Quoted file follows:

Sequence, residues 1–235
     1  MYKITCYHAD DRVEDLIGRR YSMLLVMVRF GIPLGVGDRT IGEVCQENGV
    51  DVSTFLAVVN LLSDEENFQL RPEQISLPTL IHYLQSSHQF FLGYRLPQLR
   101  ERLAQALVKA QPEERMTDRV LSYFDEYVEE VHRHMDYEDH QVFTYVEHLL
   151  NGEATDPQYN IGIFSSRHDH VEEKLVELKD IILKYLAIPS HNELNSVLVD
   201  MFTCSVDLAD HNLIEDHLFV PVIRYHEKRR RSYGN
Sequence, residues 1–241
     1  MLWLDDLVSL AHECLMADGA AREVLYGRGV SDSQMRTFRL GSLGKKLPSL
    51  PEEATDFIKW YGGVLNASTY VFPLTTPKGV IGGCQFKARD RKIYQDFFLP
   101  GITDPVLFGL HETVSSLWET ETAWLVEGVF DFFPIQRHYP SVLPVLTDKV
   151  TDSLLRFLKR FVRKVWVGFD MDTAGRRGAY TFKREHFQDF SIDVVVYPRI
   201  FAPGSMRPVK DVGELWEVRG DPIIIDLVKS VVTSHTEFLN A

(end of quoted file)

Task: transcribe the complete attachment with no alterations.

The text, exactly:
Sequence, residues 1–235
     1  MYKITCYHAD DRVEDLIGRR YSMLLVMVRF GIPLGVGDRT IGEVCQENGV
    51  DVSTFLAVVN LLSDEENFQL RPEQISLPTL IHYLQSSHQF FLGYRLPQLR
   101  ERLAQALVKA QPEERMTDRV LSYFDEYVEE VHRHMDYEDH QVFTYVEHLL
   151  NGEATDPQYN IGIFSSRHDH VEEKLVELKD IILKYLAIPS HNELNSVLVD
   201  MFTCSVDLAD HNLIEDHLFV PVIRYHEKRR RSYGN
Sequence, residues 1–241
     1  MLWLDDLVSL AHECLMADGA AREVLYGRGV SDSQMRTFRL GSLGKKLPSL
    51  PEEATDFIKW YGGVLNASTY VFPLTTPKGV IGGCQFKARD RKIYQDFFLP
   101  GITDPVLFGL HETVSSLWET ETAWLVEGVF DFFPIQRHYP SVLPVLTDKV
   151  TDSLLRFLKR FVRKVWVGFD MDTAGRRGAY TFKREHFQDF SIDVVVYPRI
   201  FAPGSMRPVK DVGELWEVRG DPIIIDLVKS VVTSHTEFLN A